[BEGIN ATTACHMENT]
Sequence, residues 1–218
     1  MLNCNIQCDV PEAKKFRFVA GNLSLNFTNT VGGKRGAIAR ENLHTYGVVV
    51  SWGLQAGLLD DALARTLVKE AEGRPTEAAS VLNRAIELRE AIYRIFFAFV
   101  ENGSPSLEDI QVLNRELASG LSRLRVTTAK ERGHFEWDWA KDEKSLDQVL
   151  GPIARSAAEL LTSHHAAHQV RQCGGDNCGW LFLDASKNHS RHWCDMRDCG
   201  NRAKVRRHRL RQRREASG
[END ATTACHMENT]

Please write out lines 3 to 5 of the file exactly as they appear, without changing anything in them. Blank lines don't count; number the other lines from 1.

    51  SWGLQAGLLD DALARTLVKE AEGRPTEAAS VLNRAIELRE AIYRIFFAFV
   101  ENGSPSLEDI QVLNRELASG LSRLRVTTAK ERGHFEWDWA KDEKSLDQVL
   151  GPIARSAAEL LTSHHAAHQV RQCGGDNCGW LFLDASKNHS RHWCDMRDCG